choosing the one in which f (·) changes signs. This process continues until the width of the

interval containing a root shrinks below some predetermined error tolerance.

Without loss of generality, suppose one has a and b such that f (a)f (b) < 0 and f (a) < 0

and δ is some predetermined convergence tolerance. Then the steps are as follows:

Step 1.

Step 2. Compute c (n) =

Step 3. If f (c (n) ) > 0 let b (n+1) = c (n) and a (n+1) = a (n) , otherwise let a (n+1) = c (n) and

Set n = 1, a (n) = a, and b (n) = b.

1 (a (n) + b (n) )
2

b (n+1) = b (n) .

Step 4. If |b (n) a (n) | ≤ δ then stop and call c (n) a root, otherwise n = n + 1 and go

step 2.

There are two major beneﬁts of the bisection method. First one is that it is very robust.

It is guaranteed to ﬁnd an approximation to the root within a given degree of accuracy in a

known number of iterations. To see this note that, at the initial step, the solution lies in an

interval of size |b a|. At the second step, if the solution is not found, it lies in an interval

of size |b a|/2. At the nth iteration the solution must be in an interval of size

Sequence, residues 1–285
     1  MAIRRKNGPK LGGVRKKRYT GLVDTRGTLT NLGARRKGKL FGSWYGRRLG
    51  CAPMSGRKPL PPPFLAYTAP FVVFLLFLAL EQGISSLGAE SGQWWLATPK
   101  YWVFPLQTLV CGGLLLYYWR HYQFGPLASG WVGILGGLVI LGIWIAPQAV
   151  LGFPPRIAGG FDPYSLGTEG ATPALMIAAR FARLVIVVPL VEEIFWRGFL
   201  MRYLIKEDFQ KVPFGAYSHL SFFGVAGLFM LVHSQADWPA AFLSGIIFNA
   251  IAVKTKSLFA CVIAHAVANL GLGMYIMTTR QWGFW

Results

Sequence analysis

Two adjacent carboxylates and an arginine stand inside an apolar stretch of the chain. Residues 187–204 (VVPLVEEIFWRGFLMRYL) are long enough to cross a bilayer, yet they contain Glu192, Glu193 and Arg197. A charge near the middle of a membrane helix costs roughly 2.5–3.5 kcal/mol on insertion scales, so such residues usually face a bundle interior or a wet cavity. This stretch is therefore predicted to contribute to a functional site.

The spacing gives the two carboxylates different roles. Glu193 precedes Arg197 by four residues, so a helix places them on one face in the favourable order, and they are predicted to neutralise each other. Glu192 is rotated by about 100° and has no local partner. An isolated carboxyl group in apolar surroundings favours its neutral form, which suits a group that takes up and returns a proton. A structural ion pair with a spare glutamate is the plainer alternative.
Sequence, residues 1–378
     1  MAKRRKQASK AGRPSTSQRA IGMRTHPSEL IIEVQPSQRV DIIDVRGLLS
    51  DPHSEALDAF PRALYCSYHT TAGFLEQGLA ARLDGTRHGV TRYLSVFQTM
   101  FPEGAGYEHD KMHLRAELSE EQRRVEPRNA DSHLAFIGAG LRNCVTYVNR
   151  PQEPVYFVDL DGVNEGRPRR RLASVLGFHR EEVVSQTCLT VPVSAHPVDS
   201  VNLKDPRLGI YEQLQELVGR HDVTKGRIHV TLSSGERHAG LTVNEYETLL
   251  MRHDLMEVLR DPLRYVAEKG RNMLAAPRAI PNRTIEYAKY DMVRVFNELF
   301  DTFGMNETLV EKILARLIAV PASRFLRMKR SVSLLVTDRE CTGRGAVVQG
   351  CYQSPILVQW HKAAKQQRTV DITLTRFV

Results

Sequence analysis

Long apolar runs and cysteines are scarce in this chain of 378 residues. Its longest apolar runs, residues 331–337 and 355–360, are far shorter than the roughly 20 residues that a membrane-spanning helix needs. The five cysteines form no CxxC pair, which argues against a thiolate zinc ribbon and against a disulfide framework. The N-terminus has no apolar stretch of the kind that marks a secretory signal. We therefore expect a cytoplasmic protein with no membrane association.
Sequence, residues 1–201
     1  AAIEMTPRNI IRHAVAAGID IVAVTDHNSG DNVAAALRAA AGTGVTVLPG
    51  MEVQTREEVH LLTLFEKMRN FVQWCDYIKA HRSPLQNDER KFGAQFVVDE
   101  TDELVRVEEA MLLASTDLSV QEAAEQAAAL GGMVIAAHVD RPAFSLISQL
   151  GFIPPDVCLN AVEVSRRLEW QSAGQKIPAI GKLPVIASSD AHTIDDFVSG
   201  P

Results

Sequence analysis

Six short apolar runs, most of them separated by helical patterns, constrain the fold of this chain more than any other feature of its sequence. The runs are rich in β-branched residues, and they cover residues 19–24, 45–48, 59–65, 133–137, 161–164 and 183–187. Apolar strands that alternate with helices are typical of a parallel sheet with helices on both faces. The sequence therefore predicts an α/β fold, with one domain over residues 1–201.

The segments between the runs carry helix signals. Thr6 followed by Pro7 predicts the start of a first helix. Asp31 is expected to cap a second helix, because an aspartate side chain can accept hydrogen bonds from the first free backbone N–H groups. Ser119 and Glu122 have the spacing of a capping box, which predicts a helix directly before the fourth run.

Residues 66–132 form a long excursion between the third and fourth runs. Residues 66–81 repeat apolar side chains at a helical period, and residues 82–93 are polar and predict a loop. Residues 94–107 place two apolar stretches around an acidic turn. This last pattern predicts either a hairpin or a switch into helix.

|b (n) a (n) | = |b a|

2 n1 .

Hence if our error tolerance is δ, we can guarantee to be within that tolerance in

n = log 2 b a + 1

δ

iterations.

The second major beneﬁt is that the method does not rely on the derivatives of the

function. Thus it can be used to ﬁnd roots of non-smooth functions. While a beneﬁt in

some cases, the fact that the method doesn’t use the derivatives of the function means it is

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not exploiting any of information about the curvature of the function to help it locate the

root. This is what makes bisection method slow relative to other methods that exploit the

functions curvature.

How slow is the bisection method? To compute the rate of convergence note that

|c n r| ≤ |b n a n |

2

= |b a|

2

n

Thus the error converges r-linearly to zero since {|c n r|} is dominated by {|b a|/2 n } and

|ba|

2

n+1

|ba|

2 n

= 1

2 .

So the rate at which successive signiﬁcant digits are found is linear in computational effort.